Sunday 25 September 2016

How Jason Day won his battle with poverty and alcohol

Oliver Brown

Published 06/04/2016 | 02:30

Australia's Jason Day smiles during a practice round prior to the start of the 80th Masters Golf Tournament at the Augusta National Golf Club, in Augusta, Georgia. Photo: DON EMMERT/Getty Images
Australia's Jason Day smiles during a practice round prior to the start of the 80th Masters Golf Tournament at the Augusta National Golf Club, in Augusta, Georgia. Photo: DON EMMERT/Getty Images

Jason Day knew he had reached his nadir when he woke up one morning from a drunken stupor, unable to recall the faintest detail about the night before. He was 12 years old.

  • Go To

His father, Alvin, who had eked out a living in an abattoir in Queensland, had died a few months earlier from stomach cancer. Alvin, in many respects, was a deplorable figure, given to beating his son after a round if he dared to shoot a poor score. But the loss of such a savage disciplinarian in his life threatened to send the young Jason off the rails.

The memory magnifies the degree of Day's reinvention since. Where Rory McIlroy grew up a prodigy, and Jordan Spieth reaped the benefits of a comfortable upbringing in Dallas, Day has blazed his trail to the world No 1 spot from the ragged edge. At an age when his two chief rivals were already scratch golfers, Day was, relatively speaking, an impoverished nobody, whose first makeshift three-wood had to be salvaged from a rubbish tip.

Day was raised in a house that was, according to his own description, "old and broken-down", and now the Australian finds himself the favourite to don the Green Jacket at a golf club so impossibly exclusive that even the press officer, Craig Heatley, happens to be one of New Zealand's richest man.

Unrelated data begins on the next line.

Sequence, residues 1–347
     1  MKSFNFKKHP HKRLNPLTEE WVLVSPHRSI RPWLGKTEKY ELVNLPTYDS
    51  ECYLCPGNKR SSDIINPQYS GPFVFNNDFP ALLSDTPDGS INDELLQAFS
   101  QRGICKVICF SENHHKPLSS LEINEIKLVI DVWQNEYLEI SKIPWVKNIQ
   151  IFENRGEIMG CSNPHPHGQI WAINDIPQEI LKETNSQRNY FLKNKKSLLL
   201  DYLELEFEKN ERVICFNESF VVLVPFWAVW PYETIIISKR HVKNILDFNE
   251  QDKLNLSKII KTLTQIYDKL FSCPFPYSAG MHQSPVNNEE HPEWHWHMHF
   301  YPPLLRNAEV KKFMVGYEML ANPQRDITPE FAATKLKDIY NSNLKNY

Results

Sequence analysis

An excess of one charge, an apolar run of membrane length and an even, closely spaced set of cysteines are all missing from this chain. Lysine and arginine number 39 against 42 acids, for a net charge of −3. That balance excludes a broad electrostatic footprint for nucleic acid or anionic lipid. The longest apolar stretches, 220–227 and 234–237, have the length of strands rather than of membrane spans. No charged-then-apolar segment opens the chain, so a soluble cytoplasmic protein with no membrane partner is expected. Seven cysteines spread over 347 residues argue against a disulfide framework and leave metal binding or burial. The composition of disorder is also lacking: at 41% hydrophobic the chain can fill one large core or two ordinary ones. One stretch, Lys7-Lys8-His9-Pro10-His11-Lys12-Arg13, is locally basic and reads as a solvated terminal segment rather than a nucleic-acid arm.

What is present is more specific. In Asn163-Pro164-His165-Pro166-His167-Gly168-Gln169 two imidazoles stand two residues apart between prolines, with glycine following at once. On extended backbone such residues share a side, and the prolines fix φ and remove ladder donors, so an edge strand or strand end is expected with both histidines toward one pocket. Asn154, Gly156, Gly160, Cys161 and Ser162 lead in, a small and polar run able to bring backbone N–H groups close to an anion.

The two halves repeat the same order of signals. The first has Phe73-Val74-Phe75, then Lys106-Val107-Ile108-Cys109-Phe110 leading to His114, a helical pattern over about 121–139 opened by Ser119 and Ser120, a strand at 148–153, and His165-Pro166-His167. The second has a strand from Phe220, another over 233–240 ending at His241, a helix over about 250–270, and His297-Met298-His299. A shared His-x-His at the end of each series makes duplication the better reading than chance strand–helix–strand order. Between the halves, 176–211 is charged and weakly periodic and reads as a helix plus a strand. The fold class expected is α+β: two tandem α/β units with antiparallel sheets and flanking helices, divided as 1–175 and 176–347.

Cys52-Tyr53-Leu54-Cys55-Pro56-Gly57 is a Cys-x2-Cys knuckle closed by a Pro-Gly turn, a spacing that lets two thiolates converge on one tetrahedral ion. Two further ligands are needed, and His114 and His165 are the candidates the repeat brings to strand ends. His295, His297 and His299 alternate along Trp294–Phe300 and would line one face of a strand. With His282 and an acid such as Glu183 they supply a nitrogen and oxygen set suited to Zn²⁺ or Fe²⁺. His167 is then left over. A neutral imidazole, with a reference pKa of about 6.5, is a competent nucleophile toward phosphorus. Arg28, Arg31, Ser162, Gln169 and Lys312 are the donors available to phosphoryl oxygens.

Day talks glowingly of Augusta National these days, but he has not always been enamoured of the Masters experience. When he arrived for his debut in 2011 he was, he disclosed yesterday, so bereft of confidence that he contemplated quitting the game.

"I was sitting across the road in a bus," he reflected. "I had my wife there, my agent and a sports psychologist, and I explained to them that I really did not like golf at that point. I was having a very hard time even picking up the club. We came to the conclusion of saying that it might be my last ever Masters playing, so I may as well enjoy it. Then I went out and finished second."

It is almost impossible to imagine Day feeling susceptible to a crisis of confidence in his present form. He has won six Tour events since last July - by way of contrast, no other player in that time has won more than two. His swing is so immaculately grooved that there is almost no weakness in a game that combines long hitting with a deft touch perfectly suited to Augusta's treacherous greens.

If Day brings his best this week, there is, in the estimation of many, no one to touch him. "We talk about Spieth, McIlroy, but day in, day out, Jason' swing is as smooth as it gets," David Duval, the former Open champion, said. "If he finds it here, there is nobody who is going to beat him. He is that good."

Day refuses to be swept along by the hyperbole. He argued that he would far rather the chasing pack had their chances talked up, quipping: "My ideal Sunday? Probably a Spieth-McIlroy-Fowler-Scott-Watson-Mickelson finish.

"That would be a lot of fun."

There are, he recognises, a couple of nagging health concerns that could compromise his quest. Day's preparations were complicated by a back injury that flared up during his recent World Matchplay triumph in Texas, and he remains vulnerable to the vertigo that caused him to fall over at last season's US Open.

CAPABLE

No wonder the joke here is that the only person capable of stopping Day here is his chiropractor.

Day will be accompanied, as ever, by Col Swatton, the caddie who has become his surrogate father since they met at Kooralbyn International School near Brisbane. Col, then Kooralbyn's coach, would scream at him to stop drinking and to sort his life out, and he has carried the advice with him.

On the course, he and his bagman form an inseparable brain trust, even if he plays at such a painstaking pace that he is increasingly known on tour as "Jason All-Day". "Going through the tough times, my team is very, very close," he said. "I don't pay my guys to give me yes answers. I pay them to tell me what's really going on in my life."

In the absence of Tiger Woods, whose scores he used to be able to reel off by heart, Day is savouring his moment as golf's alpha male. (© Daily Telegraph, London)

Telegraph.co.uk

Read More

Promoted articles

Editor's Choice

Also in Sport